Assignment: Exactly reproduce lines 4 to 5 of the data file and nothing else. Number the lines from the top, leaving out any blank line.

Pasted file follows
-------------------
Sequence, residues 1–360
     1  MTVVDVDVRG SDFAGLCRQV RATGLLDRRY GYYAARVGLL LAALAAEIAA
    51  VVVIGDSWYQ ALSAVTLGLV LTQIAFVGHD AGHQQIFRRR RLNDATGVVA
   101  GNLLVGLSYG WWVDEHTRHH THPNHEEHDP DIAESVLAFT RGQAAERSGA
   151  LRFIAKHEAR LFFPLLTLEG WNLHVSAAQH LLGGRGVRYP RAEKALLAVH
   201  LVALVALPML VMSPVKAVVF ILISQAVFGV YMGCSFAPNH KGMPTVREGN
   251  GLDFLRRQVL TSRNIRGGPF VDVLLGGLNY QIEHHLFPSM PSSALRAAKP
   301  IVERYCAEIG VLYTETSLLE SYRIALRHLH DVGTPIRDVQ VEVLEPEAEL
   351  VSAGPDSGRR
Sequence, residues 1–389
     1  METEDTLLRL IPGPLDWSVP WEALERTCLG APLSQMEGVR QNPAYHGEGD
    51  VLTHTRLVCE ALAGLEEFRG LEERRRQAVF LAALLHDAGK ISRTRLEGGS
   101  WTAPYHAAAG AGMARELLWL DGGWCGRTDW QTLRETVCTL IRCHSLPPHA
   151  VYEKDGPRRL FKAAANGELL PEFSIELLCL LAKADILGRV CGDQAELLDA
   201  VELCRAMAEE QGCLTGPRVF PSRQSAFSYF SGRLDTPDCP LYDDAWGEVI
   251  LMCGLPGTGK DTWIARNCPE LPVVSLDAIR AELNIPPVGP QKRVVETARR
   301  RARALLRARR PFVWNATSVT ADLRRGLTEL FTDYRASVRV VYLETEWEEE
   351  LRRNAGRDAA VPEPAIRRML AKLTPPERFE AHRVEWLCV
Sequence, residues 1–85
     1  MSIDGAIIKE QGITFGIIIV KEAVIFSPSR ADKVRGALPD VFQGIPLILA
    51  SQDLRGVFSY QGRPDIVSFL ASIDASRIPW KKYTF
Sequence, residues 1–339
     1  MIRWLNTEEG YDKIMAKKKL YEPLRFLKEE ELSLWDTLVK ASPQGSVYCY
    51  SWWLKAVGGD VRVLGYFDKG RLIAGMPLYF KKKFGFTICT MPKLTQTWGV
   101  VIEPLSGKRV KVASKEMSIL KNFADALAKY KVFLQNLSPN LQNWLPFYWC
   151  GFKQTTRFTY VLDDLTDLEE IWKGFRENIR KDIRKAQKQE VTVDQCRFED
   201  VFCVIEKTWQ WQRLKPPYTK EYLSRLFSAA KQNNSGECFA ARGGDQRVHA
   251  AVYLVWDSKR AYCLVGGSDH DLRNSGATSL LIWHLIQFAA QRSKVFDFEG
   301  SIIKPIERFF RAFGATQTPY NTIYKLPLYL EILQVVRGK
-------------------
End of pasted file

   101  GNLLVGLSYG WWVDEHTRHH THPNHEEHDP DIAESVLAFT RGQAAERSGA
   151  LRFIAKHEAR LFFPLLTLEG WNLHVSAAQH LLGGRGVRYP RAEKALLAVH